The tragic death in London of 21-year-old Bank of America Merrill Lynch intern Moritz Erhardt, the efforts of Goldman Sachs to make life for its most junior associates better and the publication of industry-critical The Buyside all called attention to what everyone already knows: Wall Street can be a tough place to make a living. It really asks for your soul.
U.S. stock and option exchange company SROs have come to a general agreement on how to enhance the integrity of the securities markets. The idea is to reduce the sort of glitches that can easily infect the entire market system, examples of which have been all too plentiful as of late.
For today's financial firms, information security is a battle fought on many fronts. On one hand, firms are reaching out to deliver data on tablets and mobile phone and to tap services on private clouds. At the same time, internally firms are integrating disparate silos of information and collecting "big data" to create deeper and more detailed views of the enterprise.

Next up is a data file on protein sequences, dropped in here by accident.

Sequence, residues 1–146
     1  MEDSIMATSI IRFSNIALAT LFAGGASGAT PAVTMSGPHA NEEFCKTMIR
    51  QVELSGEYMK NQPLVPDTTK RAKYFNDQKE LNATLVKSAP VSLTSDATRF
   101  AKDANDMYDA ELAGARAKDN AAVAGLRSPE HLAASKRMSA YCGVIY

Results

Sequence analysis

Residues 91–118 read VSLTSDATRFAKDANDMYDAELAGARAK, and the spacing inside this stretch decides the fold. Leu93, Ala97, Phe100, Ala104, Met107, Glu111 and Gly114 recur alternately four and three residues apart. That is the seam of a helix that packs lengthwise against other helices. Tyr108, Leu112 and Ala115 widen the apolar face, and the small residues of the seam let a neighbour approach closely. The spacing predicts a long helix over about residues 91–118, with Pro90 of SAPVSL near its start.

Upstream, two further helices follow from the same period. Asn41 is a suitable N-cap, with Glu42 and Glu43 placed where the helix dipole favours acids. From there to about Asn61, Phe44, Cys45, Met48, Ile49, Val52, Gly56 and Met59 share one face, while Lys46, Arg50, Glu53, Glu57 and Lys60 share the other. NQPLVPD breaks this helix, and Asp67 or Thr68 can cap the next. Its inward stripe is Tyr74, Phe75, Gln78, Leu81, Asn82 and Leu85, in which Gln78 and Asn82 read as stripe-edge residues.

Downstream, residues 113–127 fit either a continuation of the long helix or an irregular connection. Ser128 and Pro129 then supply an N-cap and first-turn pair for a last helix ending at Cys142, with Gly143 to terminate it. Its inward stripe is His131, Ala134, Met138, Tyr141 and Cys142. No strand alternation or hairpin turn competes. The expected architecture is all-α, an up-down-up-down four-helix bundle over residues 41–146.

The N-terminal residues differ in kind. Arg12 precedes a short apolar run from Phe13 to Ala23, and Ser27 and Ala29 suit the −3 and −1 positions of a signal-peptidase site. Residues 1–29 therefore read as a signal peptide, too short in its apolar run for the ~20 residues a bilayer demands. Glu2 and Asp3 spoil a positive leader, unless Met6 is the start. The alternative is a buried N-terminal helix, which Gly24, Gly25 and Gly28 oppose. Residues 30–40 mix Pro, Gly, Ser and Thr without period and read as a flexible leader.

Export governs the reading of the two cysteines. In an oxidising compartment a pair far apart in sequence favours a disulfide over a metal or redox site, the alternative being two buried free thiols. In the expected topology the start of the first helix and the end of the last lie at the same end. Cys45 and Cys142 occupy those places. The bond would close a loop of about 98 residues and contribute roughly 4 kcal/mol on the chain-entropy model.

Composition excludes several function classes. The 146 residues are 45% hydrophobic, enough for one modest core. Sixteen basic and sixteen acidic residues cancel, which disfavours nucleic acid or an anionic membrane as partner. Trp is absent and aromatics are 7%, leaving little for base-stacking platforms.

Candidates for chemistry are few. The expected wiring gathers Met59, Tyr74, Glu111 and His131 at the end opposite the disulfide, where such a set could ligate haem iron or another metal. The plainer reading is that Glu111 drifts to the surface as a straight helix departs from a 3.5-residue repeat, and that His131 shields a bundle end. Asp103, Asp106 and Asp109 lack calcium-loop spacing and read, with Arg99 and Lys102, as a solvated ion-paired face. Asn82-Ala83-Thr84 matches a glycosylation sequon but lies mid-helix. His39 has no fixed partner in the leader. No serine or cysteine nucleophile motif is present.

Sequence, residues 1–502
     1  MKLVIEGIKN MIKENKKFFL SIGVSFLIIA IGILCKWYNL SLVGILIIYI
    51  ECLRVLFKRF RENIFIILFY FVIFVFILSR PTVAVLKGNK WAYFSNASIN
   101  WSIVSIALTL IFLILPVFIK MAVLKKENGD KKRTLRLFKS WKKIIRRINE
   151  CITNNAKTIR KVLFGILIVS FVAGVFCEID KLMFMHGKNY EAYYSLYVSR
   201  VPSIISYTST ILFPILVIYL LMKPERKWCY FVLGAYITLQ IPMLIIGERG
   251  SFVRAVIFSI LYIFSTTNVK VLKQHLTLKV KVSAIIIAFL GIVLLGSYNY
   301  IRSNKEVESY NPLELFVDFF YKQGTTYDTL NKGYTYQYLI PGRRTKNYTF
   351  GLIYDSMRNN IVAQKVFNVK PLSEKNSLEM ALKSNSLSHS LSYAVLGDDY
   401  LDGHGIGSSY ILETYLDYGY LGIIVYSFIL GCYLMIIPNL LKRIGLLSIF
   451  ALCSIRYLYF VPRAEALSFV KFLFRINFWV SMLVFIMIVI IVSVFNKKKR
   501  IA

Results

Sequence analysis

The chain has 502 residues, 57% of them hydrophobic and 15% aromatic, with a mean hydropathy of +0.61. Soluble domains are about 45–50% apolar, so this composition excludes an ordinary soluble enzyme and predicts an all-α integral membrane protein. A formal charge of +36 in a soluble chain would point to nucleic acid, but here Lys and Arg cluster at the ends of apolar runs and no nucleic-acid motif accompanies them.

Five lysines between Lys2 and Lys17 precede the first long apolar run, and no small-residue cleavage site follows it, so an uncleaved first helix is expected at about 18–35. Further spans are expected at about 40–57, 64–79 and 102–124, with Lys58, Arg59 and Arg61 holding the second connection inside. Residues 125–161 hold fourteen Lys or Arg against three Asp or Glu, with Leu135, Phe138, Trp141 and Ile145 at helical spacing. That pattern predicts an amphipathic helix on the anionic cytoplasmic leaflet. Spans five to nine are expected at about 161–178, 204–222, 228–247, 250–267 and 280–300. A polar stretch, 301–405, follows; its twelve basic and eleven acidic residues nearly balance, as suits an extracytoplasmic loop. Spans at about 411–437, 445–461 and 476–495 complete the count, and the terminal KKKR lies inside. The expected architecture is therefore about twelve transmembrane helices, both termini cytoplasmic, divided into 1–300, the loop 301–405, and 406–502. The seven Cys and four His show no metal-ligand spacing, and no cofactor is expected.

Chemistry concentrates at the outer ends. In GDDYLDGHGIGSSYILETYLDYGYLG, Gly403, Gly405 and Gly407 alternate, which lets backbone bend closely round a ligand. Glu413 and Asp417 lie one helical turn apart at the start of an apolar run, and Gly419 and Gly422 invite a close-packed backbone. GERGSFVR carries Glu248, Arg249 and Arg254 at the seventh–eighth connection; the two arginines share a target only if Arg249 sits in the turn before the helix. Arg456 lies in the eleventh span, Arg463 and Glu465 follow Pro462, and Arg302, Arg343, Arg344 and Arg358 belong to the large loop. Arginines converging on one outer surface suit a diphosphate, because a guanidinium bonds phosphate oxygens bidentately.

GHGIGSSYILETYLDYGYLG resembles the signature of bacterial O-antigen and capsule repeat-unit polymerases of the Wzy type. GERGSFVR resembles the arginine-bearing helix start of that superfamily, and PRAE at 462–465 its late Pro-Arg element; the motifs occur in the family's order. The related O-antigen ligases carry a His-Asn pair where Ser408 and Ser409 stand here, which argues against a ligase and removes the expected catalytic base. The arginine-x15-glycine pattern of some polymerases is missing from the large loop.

On Tuesday, the country's largest stock exchanges announced that they have agreed to a plan to strengthen markets, in response to regulators' demands for changes that would stem the tide of market disruptions. Details were few but the news was welcome. On the same day, one of the newest US stock trading venues announced it was taking its own steps to avoid trading disruptions.